I just got boxes full of author copies in advance of my novel’s official February 1, 2020 release date, and the question you (and I) may be asking is, what am I going to do with all of them?
The answer is ‘a lot of things,’ because advance copies can be crucial to an authors promoting and marketing their books. Most authors, even ones published by big houses, have to pay for at least some of the copies for their own use, so know that up front.
Should I Get Advance Copies?
The answer is always ‘yes.’ If you think you won’t need any or that everyone will just buy them off of Amazon or your website, you are missing some great opportunities to sell, promote, and profit from your book, so definitely plan on getting a decent number of copies for your own use in advance.
How Many to Order?
This next question is a little trickier than the first, as it is impossible to say how many books you’ll need. On the one hand, you never know when you might have a best-seller on your hands, even if the odds are slim. On the other hand, you certainly don’t want your office, garage, or back car seat filled with unused and unsold copies of your book, so you’ll want to try to find a balance.
You might begin by listing all of the people you will give a copy to and then how many you think you can sell yourself. You’ll also want to weigh that number against how much you can afford to outlay at first.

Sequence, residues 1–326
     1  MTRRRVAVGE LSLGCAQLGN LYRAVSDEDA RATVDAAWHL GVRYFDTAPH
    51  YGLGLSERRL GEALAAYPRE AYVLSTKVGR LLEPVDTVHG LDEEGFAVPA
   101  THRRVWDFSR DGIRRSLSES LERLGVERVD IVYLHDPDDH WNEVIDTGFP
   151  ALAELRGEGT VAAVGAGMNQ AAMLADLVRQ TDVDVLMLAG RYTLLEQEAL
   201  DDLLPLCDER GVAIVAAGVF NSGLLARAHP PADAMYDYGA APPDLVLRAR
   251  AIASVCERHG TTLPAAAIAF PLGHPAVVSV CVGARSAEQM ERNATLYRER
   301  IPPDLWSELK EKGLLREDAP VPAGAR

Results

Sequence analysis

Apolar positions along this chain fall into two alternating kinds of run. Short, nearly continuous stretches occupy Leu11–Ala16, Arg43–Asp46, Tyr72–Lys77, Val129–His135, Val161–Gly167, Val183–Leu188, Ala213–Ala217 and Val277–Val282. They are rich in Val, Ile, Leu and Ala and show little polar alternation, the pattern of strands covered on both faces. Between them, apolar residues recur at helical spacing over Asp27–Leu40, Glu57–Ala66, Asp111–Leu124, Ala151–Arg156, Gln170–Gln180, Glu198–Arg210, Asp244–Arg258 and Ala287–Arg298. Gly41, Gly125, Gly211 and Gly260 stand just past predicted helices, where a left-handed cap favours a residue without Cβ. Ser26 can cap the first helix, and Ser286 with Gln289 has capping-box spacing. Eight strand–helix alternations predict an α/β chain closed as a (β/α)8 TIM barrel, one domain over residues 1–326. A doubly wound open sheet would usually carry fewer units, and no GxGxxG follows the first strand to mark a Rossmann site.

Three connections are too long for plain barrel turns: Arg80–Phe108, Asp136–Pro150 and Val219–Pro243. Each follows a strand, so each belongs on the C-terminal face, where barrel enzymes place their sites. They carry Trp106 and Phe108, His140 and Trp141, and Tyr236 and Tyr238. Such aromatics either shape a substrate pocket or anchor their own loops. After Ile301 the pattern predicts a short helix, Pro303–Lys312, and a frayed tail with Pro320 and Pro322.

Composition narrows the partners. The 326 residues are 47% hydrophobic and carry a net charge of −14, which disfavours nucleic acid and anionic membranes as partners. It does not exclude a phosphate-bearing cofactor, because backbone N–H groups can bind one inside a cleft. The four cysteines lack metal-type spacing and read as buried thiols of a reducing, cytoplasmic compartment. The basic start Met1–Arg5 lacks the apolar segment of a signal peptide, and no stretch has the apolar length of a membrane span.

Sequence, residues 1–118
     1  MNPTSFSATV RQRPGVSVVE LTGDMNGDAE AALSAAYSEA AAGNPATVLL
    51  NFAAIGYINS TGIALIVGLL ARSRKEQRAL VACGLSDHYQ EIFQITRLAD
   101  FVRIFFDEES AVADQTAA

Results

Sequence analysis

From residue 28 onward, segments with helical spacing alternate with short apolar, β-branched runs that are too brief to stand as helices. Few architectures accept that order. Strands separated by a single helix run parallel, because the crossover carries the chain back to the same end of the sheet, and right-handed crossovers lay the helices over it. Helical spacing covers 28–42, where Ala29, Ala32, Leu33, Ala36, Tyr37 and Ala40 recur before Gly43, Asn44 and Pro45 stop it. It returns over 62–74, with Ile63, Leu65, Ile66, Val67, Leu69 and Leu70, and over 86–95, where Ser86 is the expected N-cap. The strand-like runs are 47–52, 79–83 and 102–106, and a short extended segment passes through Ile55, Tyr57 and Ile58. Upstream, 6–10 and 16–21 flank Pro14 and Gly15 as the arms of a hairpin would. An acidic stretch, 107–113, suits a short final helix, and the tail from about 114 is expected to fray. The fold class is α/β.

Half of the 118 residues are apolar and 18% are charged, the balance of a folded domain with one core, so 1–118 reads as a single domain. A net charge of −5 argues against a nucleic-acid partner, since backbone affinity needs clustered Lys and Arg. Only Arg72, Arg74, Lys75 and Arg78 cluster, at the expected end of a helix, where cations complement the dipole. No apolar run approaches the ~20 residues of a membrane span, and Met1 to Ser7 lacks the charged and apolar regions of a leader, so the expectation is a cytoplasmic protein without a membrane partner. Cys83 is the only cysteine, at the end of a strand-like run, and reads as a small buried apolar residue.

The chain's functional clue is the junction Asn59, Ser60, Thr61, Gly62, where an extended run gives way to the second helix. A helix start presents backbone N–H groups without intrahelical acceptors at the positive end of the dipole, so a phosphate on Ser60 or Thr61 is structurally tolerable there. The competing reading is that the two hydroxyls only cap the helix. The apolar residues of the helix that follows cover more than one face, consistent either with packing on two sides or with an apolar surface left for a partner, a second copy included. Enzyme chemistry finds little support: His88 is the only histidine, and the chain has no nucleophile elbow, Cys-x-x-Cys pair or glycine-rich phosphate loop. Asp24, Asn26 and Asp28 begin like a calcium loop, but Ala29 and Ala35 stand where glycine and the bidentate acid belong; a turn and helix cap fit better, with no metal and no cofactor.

I decided on 100 copies. It wouldn’t put me too deeply in debt, and it’s a good round number that I think I can offload in various ways. I’ll update you later to say if I was right. Most publishers/distributors/printers give a volume discount on order over 50, so be sure to check the rates at various volumes.
What’s the Purpose of Advance Copies?
Now the question of what to do with them is the most important and can really enhance or hinder your promotion efforts. Below are my ideas for the best ways to utilize your advance copies:
- For reviews. One of the most important and cost effective ways you can promote your book is to give them to people who can review them. I’ll go into this more later, but you’ll want to send them to authors you know, newspapers, magazines, bloggers, paid reviewers, and blurb writers.
- For Sales. Selling your book hand-to-hand is the best way to maximize your profit as an author–no middle man, no shipping, no book store discount–just money in your pocket.
- For Shipping. If you are selling your book through your website–and you should–you’ll need inventory around to ship out as soon as you get an order. More on the ins-and-outs of shipping and handling later.
- For Gifts. Using your books as personal gift, for the holidays, special occasions, or, better yet, just because can be a great, economical way to create new readers and fill that shopping list, all while creating potential word-of-mouth to promote your book.
- As a Thank-You. If you are like me, you had lots of help getting your book written, edited, and published. It seems only right that those people, whom you probably thanked in your preface or acknowledgements, should get a free copy. It may make them more willing to help you out on your next book, too!
What To Do with Money You Made?
I’ll be tackling this question in a future blog, as I think it’s important to think of your publishing journey as a business as well as an art.
What Did You Do?
For now, let me know what you did with your review copies. Did you order the right amount? What were the advantages and disadvantages of ordering more?